For the first time in history, more people are now living in cities than in rural areas. Worldwide, virtually all population growth over the next 30 years will be in urban areas, with the most explosive growth taking place in Asia and Africa. By mid-century, seven out of every ten people will live in a city.
This scenario presents both opportunities and challenges. In general, urban populations are better off than their rural counterparts. They tend to have greater access to social and health services, literacy rates are higher, and life expectancy is longer. When cities are planned, managed, and governed well, life flourishes for most residents and health outcomes surpass those seen in rural areas.
However, there are many challenges to city life, especially for the poor. Poor living and working conditions expose them to a range of health hazards. In the cities, poor often live in large numbers in highly congested areas. Access to basic services like water and sanitation is impaired and the quality of service is poor leading to a range of problems from contamination of the food or water, high levels of indoor air pollution, etc. As such cities concentrate opportunities, jobs, and services, and, at the same time, also concentrate risks and hazards for health. In countries like India, urban growth has outpaced the ability of governments to build essential infrastructure and services. Today, around one third of urban dwellers, amounting to nearly one billion people, live in urban slums, informal settings, or pavement tents. More than 90% of slums are located in cities of the developing world. In many of these cities, slums have become the dominant type of human settlement. Such diseases are likewise numerous. Slums are productive breeding grounds for tuberculosis, hepatitis, dengue, pneumonia, cholera, and diarrhoeal diseases that spread easily in highly concentrated populations.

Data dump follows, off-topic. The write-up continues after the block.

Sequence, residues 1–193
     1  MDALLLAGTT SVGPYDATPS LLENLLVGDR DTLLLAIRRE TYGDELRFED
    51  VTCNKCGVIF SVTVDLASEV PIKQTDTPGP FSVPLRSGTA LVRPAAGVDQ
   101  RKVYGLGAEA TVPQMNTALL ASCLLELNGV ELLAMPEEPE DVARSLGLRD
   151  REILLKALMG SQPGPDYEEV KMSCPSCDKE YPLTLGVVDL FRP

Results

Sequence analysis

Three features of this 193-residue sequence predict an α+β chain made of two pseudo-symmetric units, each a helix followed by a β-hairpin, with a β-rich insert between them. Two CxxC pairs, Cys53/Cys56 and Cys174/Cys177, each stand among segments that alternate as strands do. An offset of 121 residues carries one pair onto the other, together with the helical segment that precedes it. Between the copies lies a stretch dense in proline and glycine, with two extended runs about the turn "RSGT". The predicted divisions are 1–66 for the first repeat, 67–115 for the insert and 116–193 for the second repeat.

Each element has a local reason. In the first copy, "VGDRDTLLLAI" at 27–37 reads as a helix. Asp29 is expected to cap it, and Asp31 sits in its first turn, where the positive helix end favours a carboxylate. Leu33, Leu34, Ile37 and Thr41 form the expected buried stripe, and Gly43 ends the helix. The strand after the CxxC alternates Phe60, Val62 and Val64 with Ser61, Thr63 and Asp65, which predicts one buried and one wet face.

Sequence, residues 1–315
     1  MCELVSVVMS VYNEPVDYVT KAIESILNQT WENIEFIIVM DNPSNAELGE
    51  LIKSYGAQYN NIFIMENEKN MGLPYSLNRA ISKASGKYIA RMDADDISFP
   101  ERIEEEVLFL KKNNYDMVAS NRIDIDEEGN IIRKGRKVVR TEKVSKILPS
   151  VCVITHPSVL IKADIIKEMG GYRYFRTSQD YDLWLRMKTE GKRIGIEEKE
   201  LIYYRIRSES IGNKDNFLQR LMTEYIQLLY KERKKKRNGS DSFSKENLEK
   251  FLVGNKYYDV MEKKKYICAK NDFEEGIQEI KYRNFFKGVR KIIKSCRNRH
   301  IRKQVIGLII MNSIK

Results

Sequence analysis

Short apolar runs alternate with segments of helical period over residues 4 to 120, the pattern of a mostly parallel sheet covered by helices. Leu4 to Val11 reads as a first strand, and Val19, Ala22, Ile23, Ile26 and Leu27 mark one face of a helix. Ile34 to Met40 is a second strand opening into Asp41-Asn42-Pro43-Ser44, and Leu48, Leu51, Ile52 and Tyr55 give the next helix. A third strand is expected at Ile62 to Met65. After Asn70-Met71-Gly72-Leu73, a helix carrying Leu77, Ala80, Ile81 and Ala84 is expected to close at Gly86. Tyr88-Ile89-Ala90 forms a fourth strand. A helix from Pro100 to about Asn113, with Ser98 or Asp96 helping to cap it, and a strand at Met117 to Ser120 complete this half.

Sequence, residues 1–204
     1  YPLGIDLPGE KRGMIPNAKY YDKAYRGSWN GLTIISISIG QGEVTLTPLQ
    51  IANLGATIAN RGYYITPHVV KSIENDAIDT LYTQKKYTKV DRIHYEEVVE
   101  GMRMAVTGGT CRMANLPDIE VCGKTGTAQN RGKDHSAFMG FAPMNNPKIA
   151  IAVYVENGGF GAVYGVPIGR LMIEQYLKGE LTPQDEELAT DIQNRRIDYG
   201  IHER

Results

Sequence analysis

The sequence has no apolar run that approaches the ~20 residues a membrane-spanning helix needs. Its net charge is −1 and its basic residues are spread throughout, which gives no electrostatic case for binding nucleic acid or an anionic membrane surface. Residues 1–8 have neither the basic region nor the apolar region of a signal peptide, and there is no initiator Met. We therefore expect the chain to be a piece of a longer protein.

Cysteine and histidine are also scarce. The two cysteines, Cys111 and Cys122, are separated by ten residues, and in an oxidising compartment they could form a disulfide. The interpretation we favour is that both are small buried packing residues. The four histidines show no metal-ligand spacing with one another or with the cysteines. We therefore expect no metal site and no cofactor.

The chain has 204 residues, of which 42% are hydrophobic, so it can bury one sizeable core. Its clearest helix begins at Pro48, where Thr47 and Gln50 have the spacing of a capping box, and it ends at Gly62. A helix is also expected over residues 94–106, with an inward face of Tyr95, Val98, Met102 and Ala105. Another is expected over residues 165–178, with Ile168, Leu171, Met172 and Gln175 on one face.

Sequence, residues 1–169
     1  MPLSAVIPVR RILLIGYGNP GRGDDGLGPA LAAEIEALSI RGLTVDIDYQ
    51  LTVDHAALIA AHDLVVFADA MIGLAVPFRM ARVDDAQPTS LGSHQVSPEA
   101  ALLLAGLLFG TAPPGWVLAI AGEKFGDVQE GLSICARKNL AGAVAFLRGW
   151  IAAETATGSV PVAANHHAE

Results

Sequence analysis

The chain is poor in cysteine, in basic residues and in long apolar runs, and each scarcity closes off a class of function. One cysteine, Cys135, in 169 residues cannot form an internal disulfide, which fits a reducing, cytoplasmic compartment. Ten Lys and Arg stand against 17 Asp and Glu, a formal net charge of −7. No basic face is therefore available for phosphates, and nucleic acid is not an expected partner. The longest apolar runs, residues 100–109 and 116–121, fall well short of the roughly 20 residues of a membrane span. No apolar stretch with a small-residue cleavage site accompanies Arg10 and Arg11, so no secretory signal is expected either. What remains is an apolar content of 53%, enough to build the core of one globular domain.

Cities also tend to promote unhealthy lifestyles, like cheap and convenient diets that depend on processed foods rich in fats and sugar, yet low in essential nutrients. Like sedentary behaviour, smoking, alcoholism and substance abuse. These lifestyle changes are directly linked to obesity and the rise of chronic conditions like heart disease, stroke, some cancers, and diabetes. These conditions are costly to treat, for households and societies, and they are increasingly concentrated in the urban poor.
The growth of urban centres in the 21st century is being accompanied by a shift in the burden of poverty. In previous centuries, poverty was greatest in scattered rural areas. Today, poverty has become heavily concentrated in cities.
It is therefore important to engage in removing health inequities in the cities. Cities with high degrees of inequity are also homes to violent crimes and history has demonstrated that economic class is no insulation during such emergencies such as a disease outbreak. It is therefore everybody’s business to ensure that when it comes to equity in health, it can not be ‘business as usual’.
What can be done to promote health equity in the cities?